Hackers breached the computer networks of luxury department store chain Neiman Marcus as far back as July, an attack that was not fully contained until Sunday, the New York Times reported, citing people briefed on the investigation.
Neiman Marcus said on Friday that hackers may have stolen customers' credit and debit card information, the second cyber attack on a retailer in recent weeks.
Neiman Marcus had said it first learned in mid-December of suspicious activity that involved credit cards used at its stores.
However, in a call with credit card companies on Monday, Neiman acknowledged that the attack had only been fully contained a day earlier, and that the time stamp on the first intrusion was in mid-July, the paper said. (link.reuters.com/kyd26v)
Neiman Marcus spokeswoman Ginger Reeder declined to comment to Reuters on the New York Times report about the July hack attack.
"We did not get our first alert that there might be something wrong until mid-December. We didn't find evidence until January 1," Reeder told Reuters late on Thursday.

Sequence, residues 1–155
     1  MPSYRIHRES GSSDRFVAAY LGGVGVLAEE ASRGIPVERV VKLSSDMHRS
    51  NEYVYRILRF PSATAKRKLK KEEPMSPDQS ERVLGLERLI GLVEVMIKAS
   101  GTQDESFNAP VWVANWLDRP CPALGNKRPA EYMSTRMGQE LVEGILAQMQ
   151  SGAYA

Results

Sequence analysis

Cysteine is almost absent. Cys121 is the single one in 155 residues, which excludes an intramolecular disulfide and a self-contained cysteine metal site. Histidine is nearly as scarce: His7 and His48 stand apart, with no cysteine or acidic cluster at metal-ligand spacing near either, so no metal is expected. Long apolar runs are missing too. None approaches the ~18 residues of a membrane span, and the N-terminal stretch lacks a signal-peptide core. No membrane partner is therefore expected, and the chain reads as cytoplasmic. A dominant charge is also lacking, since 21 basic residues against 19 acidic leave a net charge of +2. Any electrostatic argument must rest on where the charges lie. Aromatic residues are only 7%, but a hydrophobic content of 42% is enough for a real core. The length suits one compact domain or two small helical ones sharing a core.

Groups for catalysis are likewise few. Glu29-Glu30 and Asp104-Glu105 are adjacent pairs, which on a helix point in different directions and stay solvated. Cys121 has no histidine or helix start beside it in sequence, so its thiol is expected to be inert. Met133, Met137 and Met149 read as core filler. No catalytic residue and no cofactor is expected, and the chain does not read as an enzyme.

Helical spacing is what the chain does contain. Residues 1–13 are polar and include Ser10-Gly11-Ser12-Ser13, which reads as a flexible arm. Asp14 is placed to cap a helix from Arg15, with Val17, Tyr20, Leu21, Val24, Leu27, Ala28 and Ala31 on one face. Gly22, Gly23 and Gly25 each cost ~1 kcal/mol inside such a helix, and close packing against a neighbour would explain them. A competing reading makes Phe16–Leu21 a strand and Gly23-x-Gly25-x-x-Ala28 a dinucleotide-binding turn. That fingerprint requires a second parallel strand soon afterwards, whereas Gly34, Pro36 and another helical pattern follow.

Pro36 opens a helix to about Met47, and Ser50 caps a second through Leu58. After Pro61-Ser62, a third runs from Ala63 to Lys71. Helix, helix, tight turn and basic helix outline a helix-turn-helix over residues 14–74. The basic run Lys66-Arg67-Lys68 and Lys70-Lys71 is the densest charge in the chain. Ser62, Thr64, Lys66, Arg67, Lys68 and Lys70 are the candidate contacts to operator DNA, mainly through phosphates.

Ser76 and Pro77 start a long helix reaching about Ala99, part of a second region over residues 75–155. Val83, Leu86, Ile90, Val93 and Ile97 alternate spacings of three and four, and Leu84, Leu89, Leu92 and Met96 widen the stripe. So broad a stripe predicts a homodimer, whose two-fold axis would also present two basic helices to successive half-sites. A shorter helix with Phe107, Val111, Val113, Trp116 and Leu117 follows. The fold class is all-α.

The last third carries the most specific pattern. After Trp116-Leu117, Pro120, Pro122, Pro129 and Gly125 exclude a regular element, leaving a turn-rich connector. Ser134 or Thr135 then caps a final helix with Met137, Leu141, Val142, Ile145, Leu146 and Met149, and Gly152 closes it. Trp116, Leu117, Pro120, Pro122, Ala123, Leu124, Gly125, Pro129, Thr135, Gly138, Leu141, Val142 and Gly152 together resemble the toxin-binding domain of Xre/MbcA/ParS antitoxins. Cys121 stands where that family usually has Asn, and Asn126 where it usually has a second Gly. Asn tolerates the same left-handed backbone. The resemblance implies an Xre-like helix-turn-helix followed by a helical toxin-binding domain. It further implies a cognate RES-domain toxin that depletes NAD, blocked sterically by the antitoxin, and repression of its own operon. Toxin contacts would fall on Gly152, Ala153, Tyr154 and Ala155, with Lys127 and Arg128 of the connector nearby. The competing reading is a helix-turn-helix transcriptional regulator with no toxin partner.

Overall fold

Neiman Marcus did not say how many credit cards were affected but said that customer social security numbers and birth dates were not compromised.
"Customers that shopped online do not appear at this time to have been impacted by the criminal cyber-security intrusion. Your PIN was never at risk because we do not use PIN pads in our stores," Chief Executive Karen Katz wrote in a letter to customers, a copy of which was posted on the company's website.
Katz said the company has taken steps to contain the situation, including working with federal law enforcement, disabling the malware and enhancing security tools.
The company is also assessing and reinforcing its related payment card systems, Katz said.
The U.S. government on Thursday provided merchants with information gleaned from its confidential investigation into the massive data breach at Target Corp, in a move aimed at identifying and thwarting similar attacks that may be ongoing.
(Reporting by Sakthi Prasad in Bangalore and Jim Finkle in Boston; Editing by Supriya Kurane)